Marc Coker, 6 September 2004

Eli Langford in Texas:
a story of Love, Land and Lawsuits
by Marc Coker
September 2004 - Copyright

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Modern historians have been documenting and recording a new or perhaps revised perspective of Texas history and the people who shaped it. Unlike the historians of the early twentieth century, the revisionists aren’t ignoring or omitting the character flaws and the more negative events that occurred in the lives of our Texas heroes. For example, they address the fact that Sam Houston, following a questionable marriage, left civilization and disappeared into the Indian Territory for several years prior to coming to Texas. They note that Jim Bowie became notorious for killing a man with his famed knife in Natchez, Mississippi, and they point out that William Travis abandoned his wife and child with considerable debt in Alabama. They also highlight the fact that Davey Crockett came to Texas to build a fortune that so eluded him in the United States. While the vast majority of the hardy Anglo Texas pioneers were not famous, many of them shared the same qualities as their more famous counterparts and came to Texas for rather dubious reasons. Some were said to have been in huge debt in the states either as a result of their own accord or as a result of economic depression. Others were said to be fugitives escaping justice. A few came in search of hidden treasures such as Trammell’s gold. In any event most came to Texas for the promise of cheap land. One such hardy Texas pioneer that helped to define the stereotypes of Texans and led a colorful life was Eli Langford. Prior to coming to Texas Eli appeared to be one of those American pioneers that any descendant would be proud to claim. Eli was born Eli Langford, Jr. between 1777-1779, a son of Eli Langford, Sr. and Sarah (unknown) and was reared in South Carolina.1 In 1800 Eli married Mary Edens in Edgefield District and started a family of his own.2 His accomplishments prior to coming to Texas have been well documented and reported: 1804/1805 - sold land in South Carolina and headed west 3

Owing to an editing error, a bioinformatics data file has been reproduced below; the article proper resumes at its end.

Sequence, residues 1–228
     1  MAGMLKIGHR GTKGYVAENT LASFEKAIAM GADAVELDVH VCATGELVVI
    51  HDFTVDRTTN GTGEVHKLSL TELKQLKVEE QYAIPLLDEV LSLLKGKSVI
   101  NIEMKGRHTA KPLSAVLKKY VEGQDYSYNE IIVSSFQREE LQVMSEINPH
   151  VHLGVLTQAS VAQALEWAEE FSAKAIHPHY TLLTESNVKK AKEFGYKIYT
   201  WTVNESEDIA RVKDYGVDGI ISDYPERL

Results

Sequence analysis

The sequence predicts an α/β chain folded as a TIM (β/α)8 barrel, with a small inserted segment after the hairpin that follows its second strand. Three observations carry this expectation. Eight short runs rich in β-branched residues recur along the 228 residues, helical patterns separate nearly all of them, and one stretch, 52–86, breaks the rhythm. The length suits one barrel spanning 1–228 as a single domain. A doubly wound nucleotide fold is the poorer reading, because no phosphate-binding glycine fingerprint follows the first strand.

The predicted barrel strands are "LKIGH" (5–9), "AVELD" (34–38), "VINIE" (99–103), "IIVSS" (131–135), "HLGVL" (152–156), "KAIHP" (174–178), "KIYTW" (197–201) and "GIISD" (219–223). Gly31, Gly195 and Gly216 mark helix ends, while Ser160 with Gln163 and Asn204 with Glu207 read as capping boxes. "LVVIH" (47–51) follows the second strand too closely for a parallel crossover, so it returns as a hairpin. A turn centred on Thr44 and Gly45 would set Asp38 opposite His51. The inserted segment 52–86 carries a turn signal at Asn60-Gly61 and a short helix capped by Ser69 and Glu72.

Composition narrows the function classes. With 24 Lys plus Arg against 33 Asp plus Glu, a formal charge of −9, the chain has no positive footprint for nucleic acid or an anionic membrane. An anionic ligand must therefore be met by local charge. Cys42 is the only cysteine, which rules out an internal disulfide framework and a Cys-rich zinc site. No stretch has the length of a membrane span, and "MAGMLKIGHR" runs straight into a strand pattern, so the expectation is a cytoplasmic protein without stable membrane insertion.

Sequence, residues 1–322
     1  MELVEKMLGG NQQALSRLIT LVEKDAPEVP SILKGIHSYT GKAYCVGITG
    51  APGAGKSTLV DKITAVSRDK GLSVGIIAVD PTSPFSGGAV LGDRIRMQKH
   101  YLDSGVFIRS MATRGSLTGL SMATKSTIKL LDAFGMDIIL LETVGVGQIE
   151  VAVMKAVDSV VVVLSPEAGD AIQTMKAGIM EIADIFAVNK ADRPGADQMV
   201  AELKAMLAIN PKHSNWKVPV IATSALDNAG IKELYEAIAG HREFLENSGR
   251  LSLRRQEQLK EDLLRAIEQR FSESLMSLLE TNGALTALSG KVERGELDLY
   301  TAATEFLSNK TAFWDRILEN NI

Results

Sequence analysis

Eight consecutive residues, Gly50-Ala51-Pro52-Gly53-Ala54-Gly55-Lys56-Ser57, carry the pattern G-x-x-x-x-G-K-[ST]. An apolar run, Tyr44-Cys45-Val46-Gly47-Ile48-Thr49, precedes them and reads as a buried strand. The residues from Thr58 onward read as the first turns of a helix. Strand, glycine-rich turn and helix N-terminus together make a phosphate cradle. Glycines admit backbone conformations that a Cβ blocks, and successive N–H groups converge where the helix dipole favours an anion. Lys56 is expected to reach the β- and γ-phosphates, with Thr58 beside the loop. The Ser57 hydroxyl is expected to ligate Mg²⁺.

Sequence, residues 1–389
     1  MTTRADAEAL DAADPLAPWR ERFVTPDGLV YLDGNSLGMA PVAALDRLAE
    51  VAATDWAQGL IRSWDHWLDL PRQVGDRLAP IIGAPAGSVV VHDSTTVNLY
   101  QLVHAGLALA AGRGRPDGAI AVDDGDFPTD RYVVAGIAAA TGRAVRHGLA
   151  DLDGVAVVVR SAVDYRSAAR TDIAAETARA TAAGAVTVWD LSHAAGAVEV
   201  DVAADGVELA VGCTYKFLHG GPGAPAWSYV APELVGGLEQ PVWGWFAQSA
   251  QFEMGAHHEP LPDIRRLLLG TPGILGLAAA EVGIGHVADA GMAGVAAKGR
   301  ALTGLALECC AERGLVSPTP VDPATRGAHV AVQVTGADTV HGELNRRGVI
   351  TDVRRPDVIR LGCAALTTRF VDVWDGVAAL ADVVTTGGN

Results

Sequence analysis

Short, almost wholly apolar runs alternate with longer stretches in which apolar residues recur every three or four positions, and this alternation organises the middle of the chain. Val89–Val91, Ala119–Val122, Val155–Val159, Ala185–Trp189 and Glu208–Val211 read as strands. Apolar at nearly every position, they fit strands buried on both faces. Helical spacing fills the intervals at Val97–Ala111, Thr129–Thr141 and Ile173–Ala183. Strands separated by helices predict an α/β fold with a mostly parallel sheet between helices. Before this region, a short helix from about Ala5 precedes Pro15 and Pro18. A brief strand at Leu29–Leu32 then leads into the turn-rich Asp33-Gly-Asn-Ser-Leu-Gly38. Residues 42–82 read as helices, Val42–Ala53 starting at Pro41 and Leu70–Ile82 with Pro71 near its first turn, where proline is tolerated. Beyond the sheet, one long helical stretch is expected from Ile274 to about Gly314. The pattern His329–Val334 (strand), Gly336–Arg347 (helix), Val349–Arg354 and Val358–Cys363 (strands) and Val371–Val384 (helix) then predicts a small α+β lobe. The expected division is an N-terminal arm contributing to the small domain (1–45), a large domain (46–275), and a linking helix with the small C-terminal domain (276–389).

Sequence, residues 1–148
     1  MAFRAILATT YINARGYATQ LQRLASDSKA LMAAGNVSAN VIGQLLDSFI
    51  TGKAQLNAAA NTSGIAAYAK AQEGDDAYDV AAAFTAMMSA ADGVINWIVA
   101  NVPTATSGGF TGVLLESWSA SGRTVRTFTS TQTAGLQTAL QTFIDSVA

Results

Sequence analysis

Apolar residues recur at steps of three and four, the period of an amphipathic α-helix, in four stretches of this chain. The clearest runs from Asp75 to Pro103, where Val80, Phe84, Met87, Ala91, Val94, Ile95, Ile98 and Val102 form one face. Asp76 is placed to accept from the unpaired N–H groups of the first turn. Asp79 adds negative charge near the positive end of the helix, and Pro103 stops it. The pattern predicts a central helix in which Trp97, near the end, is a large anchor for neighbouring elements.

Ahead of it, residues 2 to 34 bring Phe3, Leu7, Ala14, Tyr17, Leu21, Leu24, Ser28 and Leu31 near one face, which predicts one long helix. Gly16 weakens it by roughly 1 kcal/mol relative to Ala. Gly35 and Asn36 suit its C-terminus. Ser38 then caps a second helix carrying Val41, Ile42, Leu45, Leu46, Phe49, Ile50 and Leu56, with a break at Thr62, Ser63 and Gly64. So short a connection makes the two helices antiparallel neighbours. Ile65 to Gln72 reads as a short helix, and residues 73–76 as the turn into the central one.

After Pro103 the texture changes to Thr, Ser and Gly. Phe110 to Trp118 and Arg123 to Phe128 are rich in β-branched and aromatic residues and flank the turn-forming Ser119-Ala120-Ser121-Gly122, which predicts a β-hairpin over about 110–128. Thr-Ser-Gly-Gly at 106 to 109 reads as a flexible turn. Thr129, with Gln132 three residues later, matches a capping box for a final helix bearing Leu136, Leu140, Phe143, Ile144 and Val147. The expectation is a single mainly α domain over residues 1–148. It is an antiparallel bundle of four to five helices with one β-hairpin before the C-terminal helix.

Marc Coker, 6 September 2004 2